First challenge was to win over the clientele which included big beast editors like Magnus Linklater, Ed Curran and Derek Tucker plus assembled MDs like Alan Scott, Bob Crane and Tony Hill. ‘Not invented here’ was the dismissive response from Watford when the papers - from the Aberdeen Press & Journal to the Newcastle Chronicle via The Scotsman and Belfast Telegraph - railed against this head office imposition.

But slowly and surely we made it happen. The people on the desk who had to make it work, including the aforementioned Alan Edmunds who was then news editor of the Western Mail, realised that they were getting quality, oven-ready copy and pictures for nothing. They could localise the submission or simply use as it came.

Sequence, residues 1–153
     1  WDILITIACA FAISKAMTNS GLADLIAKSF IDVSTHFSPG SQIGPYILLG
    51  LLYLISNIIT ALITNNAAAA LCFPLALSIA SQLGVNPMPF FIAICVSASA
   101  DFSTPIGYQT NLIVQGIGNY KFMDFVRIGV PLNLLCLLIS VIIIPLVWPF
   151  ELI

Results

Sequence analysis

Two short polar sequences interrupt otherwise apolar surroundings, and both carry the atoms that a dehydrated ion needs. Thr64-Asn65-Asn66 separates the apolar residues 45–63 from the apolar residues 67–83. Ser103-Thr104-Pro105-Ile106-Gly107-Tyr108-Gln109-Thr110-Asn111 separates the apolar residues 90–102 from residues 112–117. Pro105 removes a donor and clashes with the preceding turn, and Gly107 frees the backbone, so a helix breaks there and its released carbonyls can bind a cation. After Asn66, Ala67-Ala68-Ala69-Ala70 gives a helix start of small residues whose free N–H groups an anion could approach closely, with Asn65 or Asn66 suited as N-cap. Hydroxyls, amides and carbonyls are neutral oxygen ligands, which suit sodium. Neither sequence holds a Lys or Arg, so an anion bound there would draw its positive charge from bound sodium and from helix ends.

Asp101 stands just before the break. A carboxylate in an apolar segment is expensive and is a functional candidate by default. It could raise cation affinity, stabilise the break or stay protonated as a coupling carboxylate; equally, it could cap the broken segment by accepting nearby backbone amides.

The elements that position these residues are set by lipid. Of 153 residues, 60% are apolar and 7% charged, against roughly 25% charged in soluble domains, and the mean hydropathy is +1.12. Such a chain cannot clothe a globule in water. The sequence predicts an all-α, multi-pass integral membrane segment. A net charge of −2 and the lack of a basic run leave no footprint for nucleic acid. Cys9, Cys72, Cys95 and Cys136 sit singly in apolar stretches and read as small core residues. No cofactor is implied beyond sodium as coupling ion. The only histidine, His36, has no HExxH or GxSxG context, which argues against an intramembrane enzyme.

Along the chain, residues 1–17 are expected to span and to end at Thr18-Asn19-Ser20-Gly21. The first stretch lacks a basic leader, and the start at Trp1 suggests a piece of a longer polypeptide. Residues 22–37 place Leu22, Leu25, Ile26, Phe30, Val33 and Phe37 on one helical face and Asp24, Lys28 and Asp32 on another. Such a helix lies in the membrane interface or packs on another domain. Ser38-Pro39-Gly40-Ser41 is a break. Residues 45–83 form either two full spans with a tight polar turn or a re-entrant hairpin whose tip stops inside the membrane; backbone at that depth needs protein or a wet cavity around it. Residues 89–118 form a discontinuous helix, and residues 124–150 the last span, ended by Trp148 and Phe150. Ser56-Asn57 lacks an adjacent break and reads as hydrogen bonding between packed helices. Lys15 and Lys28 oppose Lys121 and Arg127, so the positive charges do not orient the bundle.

They key, and I’m sure Reach are all over this, was quality.

Our film reviews and TV interviews had to be better than PA and our motoring column superior to anything that came out of the syndicated services. It had to be error-free and on time – and largely it was.

Those mammoth TRN titles are now spread among the four winds of newspaper ownership, but it just goes to show that a good idea is always a good idea even 28 years and several newspaper lifetimes away.

This is part of 'Reasons to be cheerful' published in the August 2020 issue of PJ News

Wednesday, July 01, 2020

The (other) community news awards


Sadly, like many events this summer, newsawards 2020 was cancelled. The Independent Community News Network (ICNN) Newspaper of the Year, sponsored by Google News Initiative, drew a bumper crop of entries and rather than let them be forgotten ALAN GEERE has devised some special awards just to celebrate these amazing publications.





Most remote community served